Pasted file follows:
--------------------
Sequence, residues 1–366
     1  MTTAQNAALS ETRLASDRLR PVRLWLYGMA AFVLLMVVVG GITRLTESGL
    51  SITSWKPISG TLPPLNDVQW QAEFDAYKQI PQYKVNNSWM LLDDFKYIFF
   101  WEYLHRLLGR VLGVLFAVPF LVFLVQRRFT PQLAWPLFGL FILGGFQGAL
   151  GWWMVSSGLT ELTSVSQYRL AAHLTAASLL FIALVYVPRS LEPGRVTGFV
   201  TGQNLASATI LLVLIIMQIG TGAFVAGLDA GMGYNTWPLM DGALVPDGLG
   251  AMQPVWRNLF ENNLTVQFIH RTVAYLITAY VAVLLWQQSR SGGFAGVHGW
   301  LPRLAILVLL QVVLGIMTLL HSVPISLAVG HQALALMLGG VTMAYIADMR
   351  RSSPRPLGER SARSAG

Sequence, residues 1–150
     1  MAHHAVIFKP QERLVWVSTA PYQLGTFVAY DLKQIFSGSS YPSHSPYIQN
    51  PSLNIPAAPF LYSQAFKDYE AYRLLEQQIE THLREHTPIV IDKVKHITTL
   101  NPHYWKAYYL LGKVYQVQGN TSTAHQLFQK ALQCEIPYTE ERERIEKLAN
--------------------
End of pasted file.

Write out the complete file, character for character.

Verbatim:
Sequence, residues 1–366
     1  MTTAQNAALS ETRLASDRLR PVRLWLYGMA AFVLLMVVVG GITRLTESGL
    51  SITSWKPISG TLPPLNDVQW QAEFDAYKQI PQYKVNNSWM LLDDFKYIFF
   101  WEYLHRLLGR VLGVLFAVPF LVFLVQRRFT PQLAWPLFGL FILGGFQGAL
   151  GWWMVSSGLT ELTSVSQYRL AAHLTAASLL FIALVYVPRS LEPGRVTGFV
   201  TGQNLASATI LLVLIIMQIG TGAFVAGLDA GMGYNTWPLM DGALVPDGLG
   251  AMQPVWRNLF ENNLTVQFIH RTVAYLITAY VAVLLWQQSR SGGFAGVHGW
   301  LPRLAILVLL QVVLGIMTLL HSVPISLAVG HQALALMLGG VTMAYIADMR
   351  RSSPRPLGER SARSAG

Sequence, residues 1–150
     1  MAHHAVIFKP QERLVWVSTA PYQLGTFVAY DLKQIFSGSS YPSHSPYIQN
    51  PSLNIPAAPF LYSQAFKDYE AYRLLEQQIE THLREHTPIV IDKVKHITTL
   101  NPHYWKAYYL LGKVYQVQGN TSTAHQLFQK ALQCEIPYTE ERERIEKLAN